There were four times more floods in 2016 than in 1980. Extreme weather events have been more frequent over the last 36 years in a climate-changing world, according to a European report published on Wednesday.
The number of climatic events – heat waves, forest fires, storms, hurricanes, and more — more than doubled on average between 1980 and 2016, says the European Academies Science Advisory Counsil (EASAC), which updated a previous report of 2013 and calls on European leaders to act “urgently” to “better adapt infrastructures”.
In particular, extreme hydrological hazards (floods, erosion) have quadrupled, droughts have almsost doubled, resulting in massive economic losses. For example, the massive storms in North America alone generated $ 10 billion in losses in 1980, and nearly 20 in 2015, according to data partly from the natural catastrophe loss database NatCatSERVICE of the insurance company Munich Re.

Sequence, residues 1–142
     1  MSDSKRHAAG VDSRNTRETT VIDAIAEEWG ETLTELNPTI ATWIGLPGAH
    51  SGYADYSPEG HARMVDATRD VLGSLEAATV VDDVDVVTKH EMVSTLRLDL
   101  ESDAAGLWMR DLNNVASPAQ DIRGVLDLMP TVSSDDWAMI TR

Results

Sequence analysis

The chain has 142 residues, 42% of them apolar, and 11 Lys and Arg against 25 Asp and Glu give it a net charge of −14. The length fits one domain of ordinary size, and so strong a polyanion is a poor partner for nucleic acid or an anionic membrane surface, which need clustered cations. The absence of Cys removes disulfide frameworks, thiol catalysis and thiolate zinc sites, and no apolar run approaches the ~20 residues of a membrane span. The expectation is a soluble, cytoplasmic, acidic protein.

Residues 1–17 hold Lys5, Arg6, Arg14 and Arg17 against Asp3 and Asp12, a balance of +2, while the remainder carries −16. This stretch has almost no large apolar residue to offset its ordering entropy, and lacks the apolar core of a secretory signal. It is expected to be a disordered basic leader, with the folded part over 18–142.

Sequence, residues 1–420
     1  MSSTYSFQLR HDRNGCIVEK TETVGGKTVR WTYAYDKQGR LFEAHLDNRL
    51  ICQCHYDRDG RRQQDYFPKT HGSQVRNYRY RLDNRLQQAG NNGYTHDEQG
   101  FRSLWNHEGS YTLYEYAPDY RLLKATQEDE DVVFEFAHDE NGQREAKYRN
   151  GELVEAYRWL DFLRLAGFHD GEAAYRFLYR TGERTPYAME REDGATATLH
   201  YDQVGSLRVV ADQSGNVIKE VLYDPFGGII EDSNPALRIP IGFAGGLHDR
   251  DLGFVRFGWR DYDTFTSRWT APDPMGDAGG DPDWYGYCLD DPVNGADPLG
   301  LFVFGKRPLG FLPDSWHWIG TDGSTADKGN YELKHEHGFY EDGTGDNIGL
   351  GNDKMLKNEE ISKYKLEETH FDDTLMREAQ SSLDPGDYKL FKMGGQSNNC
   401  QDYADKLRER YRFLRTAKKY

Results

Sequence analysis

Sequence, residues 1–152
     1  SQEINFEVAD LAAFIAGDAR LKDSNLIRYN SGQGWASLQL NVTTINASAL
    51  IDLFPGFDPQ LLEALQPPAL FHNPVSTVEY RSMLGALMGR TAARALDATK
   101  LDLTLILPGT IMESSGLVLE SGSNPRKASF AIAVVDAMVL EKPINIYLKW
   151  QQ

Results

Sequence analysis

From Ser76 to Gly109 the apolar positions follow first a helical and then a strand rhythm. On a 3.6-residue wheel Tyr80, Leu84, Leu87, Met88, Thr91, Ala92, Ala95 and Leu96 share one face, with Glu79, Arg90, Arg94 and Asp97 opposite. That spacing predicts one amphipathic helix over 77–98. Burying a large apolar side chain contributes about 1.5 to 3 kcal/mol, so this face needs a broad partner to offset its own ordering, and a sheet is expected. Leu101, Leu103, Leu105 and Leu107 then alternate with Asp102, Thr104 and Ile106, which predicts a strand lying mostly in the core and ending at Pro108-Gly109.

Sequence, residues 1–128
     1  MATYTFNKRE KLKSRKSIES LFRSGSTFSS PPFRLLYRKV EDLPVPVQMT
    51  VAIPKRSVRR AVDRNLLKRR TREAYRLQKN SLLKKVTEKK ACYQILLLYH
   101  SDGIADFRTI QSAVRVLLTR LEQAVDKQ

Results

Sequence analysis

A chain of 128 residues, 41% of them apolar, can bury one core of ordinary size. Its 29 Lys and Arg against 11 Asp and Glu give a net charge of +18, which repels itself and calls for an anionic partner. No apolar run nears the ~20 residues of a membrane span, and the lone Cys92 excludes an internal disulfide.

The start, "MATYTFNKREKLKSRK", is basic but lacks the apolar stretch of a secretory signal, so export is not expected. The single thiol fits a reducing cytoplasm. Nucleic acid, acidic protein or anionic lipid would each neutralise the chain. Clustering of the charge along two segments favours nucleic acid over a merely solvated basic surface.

With a small “positive note”: the rivers in Europe are experiencing more floods but the overall cost of these floods remains stable, suggesting that the protective measures have limited the damage.
“The trend towards extremes is continuing,” says Michael Norton, EASAC’s Environment Program Director (which brings together 27 academies of science from the EU, Norway and Switzerland. “We could experience these extremes more erratically,” he adds.
“It is therefore even more important to avoid the greenhouse gases responsible for these changes” and, for the inevitable impacts, to strengthen protection plans, he says. “This report comes as the European Commission is getting ready to deliver an assessment of its climate strategy this year.”
The report also analyzes several factors of recrudescence of these bad weather, such as the variations of the Jet Stream and the Gulf Stream, both under the influence of global warming.